It’s not just older women who have a higher relative risk of rare genetic disorders in their offspring.
Older fathers, from 40 onwards, also have an increased risk of passing on genetic abnormalities.
“That probably indicates that there is some DNA degradation over time,” says Rob McLachlan, principle research fellow at the Hudson Institute in Melbourne, consultant andrologist at the Monash IVF Group and director of Andrology Australia.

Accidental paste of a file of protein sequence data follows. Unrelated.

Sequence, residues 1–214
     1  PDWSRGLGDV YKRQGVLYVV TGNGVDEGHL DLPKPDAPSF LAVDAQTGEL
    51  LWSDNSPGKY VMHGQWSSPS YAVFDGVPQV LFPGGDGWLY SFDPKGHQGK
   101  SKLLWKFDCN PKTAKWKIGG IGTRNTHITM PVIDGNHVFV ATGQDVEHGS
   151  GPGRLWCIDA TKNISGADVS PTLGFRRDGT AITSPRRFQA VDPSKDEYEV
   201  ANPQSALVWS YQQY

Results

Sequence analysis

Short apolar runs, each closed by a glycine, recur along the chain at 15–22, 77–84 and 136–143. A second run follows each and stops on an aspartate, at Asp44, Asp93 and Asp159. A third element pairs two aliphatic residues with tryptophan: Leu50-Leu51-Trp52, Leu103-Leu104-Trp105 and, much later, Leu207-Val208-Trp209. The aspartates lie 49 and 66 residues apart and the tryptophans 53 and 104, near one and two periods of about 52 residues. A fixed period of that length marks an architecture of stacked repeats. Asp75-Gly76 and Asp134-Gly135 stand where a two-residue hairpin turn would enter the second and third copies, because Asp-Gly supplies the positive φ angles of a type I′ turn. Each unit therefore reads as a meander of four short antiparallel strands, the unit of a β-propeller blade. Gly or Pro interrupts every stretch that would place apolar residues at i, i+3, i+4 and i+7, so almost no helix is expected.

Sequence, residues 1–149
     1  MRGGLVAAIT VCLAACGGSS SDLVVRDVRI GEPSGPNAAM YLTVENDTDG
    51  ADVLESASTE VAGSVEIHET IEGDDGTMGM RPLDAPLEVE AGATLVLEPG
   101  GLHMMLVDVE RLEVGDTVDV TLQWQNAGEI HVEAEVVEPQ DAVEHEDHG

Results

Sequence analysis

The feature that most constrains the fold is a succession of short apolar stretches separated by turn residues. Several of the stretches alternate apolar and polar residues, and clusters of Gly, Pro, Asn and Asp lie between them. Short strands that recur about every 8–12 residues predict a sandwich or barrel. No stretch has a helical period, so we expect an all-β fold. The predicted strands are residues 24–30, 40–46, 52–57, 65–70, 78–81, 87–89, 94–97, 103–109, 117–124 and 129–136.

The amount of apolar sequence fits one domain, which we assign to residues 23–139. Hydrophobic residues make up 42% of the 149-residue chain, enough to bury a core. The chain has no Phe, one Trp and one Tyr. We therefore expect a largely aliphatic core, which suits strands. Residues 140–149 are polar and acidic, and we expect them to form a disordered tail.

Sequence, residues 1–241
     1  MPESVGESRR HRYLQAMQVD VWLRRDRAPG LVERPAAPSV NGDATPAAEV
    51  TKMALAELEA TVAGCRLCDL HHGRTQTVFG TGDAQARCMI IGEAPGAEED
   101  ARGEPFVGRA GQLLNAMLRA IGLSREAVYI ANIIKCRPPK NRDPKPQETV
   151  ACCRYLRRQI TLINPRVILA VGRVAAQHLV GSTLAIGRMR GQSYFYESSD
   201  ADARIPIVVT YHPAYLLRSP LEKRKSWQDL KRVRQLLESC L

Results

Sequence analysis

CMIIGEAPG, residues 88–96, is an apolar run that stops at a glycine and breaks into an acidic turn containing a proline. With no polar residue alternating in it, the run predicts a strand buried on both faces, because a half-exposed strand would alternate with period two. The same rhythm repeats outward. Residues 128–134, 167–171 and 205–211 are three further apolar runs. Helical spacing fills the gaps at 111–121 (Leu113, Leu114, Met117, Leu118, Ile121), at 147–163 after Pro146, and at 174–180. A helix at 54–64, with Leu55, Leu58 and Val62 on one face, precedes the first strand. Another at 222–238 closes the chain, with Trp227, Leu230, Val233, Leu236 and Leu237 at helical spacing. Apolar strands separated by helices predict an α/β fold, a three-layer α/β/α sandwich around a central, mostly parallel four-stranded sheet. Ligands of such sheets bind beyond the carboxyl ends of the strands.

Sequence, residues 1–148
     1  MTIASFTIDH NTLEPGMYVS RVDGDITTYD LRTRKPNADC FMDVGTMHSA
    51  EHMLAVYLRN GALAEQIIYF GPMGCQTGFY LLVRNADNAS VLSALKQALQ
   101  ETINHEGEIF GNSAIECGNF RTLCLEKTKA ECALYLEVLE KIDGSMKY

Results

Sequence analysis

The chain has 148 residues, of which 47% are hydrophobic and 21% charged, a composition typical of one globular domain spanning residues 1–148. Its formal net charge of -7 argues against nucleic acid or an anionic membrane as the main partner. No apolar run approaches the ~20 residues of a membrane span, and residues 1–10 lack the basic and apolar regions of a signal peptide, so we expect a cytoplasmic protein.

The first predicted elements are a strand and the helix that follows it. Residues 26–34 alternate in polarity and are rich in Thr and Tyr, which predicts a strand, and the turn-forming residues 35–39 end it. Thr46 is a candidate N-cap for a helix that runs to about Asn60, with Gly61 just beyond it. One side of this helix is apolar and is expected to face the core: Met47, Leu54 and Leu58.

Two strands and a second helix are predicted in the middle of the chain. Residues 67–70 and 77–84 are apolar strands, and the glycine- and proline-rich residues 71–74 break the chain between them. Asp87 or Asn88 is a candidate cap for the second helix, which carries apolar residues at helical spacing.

Complex disorders, such as autism spectrum disorder and schizophrenia, also appear to be higher in the offspring of older fathers.
“Now, that said, these are not common,” says Dr McLachlan. While the relative risk is high, the absolute risk remains low.
Also, the influence of older fathers on offspring is nothing like the severity of the impact of female genetic abnormalities.
“I think the important thing for couples to realise is that fertility is best when you are younger.”